Imagine a woodcarver with a chunk of wood. To turn that piece of wood into a vessel, a cup or a bowl, he must carve out of the center, stroke by stroke hollowing it out into usefulness. So it can hold something.
Our Creator uses our sufferings as a woodcarver’s tool. He doesn’t see suffering as we do. We see it as something to avoid at all costs, instruments of evil, or bad luck. He sees sufferings as tools for sanctification and future glory.
Through our sufferings, God hollows out greater depths in us, his vessels, so we can hold more of the grace and glory of Christ. Those who have never walked through hard valleys may struggle to have grace for suffering people. They haven’t yet been carved out by pain.
But those who know the shadow lands, and walk through them in the companionship of Christ, come out on the other side deeper — carved out, hollowed and filled to the brim with grace. When they meet a suffering companion, they brim over with grace and compassion, spilling it onto the hurting person. And He will walk us into paths to intersect with those who have suffered similarly to us.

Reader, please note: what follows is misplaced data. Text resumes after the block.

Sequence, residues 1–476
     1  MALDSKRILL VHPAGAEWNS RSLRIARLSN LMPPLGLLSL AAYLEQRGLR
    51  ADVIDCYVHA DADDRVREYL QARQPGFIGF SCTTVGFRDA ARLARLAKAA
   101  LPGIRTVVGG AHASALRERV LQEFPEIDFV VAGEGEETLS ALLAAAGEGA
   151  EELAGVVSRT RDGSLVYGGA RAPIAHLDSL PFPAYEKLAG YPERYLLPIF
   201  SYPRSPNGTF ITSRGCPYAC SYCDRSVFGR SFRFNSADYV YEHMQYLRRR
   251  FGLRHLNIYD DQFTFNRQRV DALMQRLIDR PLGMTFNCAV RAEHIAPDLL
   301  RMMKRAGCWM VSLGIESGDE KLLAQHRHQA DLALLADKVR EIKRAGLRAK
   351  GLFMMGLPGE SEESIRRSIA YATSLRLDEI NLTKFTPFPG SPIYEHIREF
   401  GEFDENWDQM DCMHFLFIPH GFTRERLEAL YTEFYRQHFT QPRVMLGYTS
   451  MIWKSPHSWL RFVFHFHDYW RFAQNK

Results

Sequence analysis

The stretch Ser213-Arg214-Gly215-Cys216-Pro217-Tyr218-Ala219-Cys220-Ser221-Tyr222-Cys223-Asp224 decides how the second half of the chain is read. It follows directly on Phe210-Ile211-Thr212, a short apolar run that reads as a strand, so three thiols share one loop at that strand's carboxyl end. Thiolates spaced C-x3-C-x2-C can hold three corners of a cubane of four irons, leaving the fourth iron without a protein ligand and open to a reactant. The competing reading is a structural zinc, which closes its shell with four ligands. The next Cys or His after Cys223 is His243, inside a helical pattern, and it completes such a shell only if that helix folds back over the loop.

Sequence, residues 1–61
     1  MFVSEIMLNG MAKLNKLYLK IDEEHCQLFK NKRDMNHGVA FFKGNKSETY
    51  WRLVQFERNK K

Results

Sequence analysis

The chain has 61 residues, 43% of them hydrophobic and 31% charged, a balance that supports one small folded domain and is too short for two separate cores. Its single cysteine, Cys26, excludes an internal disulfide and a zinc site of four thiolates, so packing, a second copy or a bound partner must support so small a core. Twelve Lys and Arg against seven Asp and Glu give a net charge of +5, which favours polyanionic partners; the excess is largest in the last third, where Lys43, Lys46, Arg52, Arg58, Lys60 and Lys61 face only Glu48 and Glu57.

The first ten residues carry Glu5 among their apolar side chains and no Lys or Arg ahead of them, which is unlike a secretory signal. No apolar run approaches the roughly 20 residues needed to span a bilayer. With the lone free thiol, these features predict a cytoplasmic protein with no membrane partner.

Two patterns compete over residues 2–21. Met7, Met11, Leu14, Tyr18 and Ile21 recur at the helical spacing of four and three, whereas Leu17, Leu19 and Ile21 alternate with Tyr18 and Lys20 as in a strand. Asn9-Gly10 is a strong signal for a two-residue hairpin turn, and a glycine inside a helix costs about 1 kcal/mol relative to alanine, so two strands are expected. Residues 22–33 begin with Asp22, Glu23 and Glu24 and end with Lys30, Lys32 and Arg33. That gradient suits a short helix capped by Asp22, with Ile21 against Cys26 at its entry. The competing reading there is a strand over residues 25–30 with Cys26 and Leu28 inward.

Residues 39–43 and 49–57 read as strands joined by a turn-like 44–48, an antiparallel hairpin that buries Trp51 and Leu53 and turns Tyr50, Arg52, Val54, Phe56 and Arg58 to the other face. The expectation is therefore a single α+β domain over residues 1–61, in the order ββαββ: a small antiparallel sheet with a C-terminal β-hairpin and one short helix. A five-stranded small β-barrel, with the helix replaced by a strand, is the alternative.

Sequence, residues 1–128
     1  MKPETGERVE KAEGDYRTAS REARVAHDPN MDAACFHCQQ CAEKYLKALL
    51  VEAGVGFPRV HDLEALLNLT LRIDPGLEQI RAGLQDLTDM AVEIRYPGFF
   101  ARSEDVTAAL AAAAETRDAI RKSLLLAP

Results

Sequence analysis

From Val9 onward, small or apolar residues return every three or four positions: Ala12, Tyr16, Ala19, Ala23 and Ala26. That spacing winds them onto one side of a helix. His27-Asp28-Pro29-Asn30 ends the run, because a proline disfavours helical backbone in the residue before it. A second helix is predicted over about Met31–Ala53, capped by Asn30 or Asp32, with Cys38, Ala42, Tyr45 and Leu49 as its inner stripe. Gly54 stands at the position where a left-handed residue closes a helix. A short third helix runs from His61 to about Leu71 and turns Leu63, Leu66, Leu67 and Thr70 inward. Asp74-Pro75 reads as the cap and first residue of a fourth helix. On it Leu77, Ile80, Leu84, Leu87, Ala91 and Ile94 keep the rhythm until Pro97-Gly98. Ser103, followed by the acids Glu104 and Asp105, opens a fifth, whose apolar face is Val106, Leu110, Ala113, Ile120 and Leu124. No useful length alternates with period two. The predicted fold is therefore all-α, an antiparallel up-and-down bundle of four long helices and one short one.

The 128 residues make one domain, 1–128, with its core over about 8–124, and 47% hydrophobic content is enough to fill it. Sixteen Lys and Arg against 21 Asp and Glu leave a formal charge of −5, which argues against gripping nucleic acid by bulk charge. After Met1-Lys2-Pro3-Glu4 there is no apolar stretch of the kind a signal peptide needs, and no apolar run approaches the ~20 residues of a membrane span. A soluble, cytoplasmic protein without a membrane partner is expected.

Our strengths can be used for God’s glory but they can also lead us to pride and to self. But our humanity will always cause us to long for a Savior, and our weakness will always lead us to Christ. My grace is sufficient for you; my power is made perfect in weakness (1 Cor. 12:8).
When I am weak, then I am strong. The end of self can be the beginning of deeper intimacy with Christ, as I fully comprehend my need for a Savior, now and forever. I wish I could be stronger, healthier, wiser, kinder, better. But I can only be me, here and now, where the present intersects eternity, and I’ve been given just a patch of grass on the great lawn of history.
Once I confront this knowledge, shake hands and agree to be friends with my limitations, I find that I am happier and healthier. I’m growing in grace.
In The Screwtape Letters, C.S Lewis wrote that God takes some of his special favorites through the hardest and darkest valleys because that’s where he transforms their character and teaches them to trust him.
We, too, can trust in times of suffering, that they are hand-picked for our sanctification and Christ’s glory.